The interface of the console, gone are the cool and sleek Cross Media Bar (XMB), and more individual folders, this has left much to be desired. And I believe with how receptive SOny and its Playstation team have been, the nuances will slowly take shape, and change to a more manageable feel. Another thing that was annoying at launch, seeing the notification for every single person doing something on their PS4. For instance, Person X joined a party chat. THis has been curdled a little but still, its less frequent. But a little thing from the PS3 that has been brought to the PS4 is the dynamic themes, so that’s a plus.

DS4 Wear!But as the good, of a console, there is bad. Although the revamped DS controller, now, DS4 has the worlds greatest feel, and is much of an improvement over the last in every degree, the DS4 knobs of the analog sticks wear out quicker. I have a DS3, from launch that still is functioning, and has its knobs intact. Gone are some of the functionality of the PS3 that was a sign on minimalist in the sense of moving to the PS4. The overall media hub that the PS3 was, like the music limitations, or the immediate USB support, and bluetooth as well. The cheap attempt to get gamers to talk with its cheaply made headset. But now the USB functionality are fixed in an update, and the headset market is entirely better!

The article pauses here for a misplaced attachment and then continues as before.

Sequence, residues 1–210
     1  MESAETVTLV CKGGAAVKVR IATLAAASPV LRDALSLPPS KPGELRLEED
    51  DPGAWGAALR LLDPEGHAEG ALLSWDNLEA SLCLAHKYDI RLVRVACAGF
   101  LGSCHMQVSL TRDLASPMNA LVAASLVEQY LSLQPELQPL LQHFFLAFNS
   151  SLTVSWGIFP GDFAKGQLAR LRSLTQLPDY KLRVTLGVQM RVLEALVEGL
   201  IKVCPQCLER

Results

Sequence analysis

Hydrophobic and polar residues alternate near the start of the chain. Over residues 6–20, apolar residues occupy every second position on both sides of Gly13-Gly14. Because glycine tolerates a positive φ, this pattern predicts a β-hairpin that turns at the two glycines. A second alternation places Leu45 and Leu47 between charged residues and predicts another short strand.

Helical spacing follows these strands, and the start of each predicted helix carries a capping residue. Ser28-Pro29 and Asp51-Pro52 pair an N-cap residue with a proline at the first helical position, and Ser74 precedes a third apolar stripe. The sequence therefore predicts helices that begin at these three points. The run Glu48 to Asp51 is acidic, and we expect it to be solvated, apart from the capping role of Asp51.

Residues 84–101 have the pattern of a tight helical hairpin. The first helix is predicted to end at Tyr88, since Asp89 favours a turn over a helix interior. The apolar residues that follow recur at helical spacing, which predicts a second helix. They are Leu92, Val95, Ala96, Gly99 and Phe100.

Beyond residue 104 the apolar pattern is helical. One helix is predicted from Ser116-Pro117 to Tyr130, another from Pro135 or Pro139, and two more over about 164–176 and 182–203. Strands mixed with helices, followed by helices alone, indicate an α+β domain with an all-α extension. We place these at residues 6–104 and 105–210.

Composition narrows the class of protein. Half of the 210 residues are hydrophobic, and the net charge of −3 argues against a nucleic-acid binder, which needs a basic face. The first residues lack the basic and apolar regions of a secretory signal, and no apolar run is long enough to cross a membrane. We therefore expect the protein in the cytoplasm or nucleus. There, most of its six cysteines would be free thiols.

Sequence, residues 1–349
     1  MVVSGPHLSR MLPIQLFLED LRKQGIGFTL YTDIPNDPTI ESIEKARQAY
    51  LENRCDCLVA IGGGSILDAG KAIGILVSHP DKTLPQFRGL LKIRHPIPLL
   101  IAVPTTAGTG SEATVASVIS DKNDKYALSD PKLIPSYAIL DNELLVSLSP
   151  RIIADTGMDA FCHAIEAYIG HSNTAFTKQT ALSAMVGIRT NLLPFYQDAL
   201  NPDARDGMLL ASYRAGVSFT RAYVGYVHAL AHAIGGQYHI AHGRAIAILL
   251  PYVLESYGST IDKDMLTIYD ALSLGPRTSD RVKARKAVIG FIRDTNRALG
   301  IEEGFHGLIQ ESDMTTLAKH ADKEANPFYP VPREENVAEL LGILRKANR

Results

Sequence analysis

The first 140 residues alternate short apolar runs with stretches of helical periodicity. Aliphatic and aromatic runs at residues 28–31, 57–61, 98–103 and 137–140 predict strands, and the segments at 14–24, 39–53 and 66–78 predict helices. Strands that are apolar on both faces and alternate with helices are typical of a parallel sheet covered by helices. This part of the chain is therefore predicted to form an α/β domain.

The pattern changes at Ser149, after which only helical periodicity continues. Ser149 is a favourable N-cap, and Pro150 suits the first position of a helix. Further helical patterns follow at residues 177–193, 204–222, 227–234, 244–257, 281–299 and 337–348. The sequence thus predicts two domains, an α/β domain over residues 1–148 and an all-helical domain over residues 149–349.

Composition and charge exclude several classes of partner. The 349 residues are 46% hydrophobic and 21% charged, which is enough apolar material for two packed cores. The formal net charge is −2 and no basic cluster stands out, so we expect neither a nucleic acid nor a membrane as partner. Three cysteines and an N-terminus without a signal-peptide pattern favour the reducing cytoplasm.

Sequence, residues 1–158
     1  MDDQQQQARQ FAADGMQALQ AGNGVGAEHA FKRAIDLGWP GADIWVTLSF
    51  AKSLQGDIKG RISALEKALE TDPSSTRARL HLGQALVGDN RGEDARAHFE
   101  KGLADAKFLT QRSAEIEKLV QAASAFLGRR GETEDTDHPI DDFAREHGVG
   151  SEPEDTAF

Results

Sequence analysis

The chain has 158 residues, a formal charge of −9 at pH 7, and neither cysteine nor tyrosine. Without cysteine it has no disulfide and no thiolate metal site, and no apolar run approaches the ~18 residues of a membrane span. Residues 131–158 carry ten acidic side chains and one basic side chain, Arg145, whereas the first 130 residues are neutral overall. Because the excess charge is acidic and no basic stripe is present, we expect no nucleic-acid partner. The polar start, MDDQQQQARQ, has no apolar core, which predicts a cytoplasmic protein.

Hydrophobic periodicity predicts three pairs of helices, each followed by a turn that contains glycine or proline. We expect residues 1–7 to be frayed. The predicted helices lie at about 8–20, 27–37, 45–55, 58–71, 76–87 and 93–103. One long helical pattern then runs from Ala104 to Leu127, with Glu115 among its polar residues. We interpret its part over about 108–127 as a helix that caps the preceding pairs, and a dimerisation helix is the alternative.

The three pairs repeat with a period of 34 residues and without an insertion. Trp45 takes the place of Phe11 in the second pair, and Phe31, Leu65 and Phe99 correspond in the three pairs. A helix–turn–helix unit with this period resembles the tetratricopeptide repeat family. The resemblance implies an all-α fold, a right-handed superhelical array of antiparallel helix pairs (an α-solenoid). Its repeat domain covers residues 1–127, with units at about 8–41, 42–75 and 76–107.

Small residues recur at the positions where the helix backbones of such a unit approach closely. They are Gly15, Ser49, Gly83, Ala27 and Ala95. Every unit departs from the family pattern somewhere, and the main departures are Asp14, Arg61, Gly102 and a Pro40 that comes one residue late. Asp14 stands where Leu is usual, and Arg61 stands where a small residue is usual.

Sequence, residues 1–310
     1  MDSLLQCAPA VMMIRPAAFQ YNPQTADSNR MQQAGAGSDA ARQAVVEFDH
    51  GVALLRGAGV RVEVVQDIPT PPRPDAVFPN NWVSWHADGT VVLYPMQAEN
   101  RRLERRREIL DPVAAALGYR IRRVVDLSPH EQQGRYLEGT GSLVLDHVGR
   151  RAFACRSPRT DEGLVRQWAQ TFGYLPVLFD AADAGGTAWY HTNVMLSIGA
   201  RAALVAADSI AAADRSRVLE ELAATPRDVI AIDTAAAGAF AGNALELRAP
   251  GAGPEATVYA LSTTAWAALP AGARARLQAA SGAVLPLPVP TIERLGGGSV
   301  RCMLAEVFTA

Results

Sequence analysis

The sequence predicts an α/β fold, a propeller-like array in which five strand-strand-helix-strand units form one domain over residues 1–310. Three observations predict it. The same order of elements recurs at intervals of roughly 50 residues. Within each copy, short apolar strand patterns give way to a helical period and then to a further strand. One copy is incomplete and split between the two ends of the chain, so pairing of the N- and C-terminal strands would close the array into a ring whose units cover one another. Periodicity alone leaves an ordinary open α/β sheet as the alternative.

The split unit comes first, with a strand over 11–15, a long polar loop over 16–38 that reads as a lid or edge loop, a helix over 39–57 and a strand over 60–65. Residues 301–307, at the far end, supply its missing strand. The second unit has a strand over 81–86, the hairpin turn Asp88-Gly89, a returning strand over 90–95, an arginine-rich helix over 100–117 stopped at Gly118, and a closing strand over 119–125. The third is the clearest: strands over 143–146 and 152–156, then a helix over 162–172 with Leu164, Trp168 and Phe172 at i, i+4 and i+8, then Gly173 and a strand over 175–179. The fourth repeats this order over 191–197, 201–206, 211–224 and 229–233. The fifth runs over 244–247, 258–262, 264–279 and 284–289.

So after a single year, the PS4 has grown with its audience, implementing things that the consumer wants, and continuing Sony’s drive of the “Gamer is first!” or more simply put, “Games!” Or like Steve Ballmer so elloquently said: “DEVELOPERS DEVELOPERS DEVELOPERS DEVELOPERS DEVELOPERS DEVELOPERS DEVELOPERS!” I wonder where Sony will go with its massive momentum that it has gained in its entire first year, forcing the competition to rethink their entire way forward. And return to the Sony brand that dominated during the era of the PS2. But as we all, as gamers is, Watch and See!

Steve Ballmer

By Akodo On 13 Nov, 2014 At 02:04 PM | Categorized As PlayStation 3/PlayStation 4, Reviews, Toys and Merchandise, Xbox 360/Xbox One | With 0 Comments
Assassin's Creed Unity

No Gravatar

20141111_193321I’m not going to lie, I have no earthly idea why I keep buying Collector’s editions of game, but for some reason, certain games will always garner that extra $50 bucks from me. And this time, Assassin’s Creed: Unity has gotten my money. And I’ll go piece by piece.

First, there is a small, music box, that if it was handcrafted, it would be amazing. The faux wood has on it the emblazoned Arno and Unity’s specific Assassin’s emblem. Inside, the interworking are tight and well put together. Although the grinder doesn’t allow for compiling the pressure in order to play the melody of the music box without constant tuning. But maybe mine is broken. And that moves me onto the melody. It’s a haunting, almost melodic tune that is played. The tune is the remixed version of the Subject Matter music.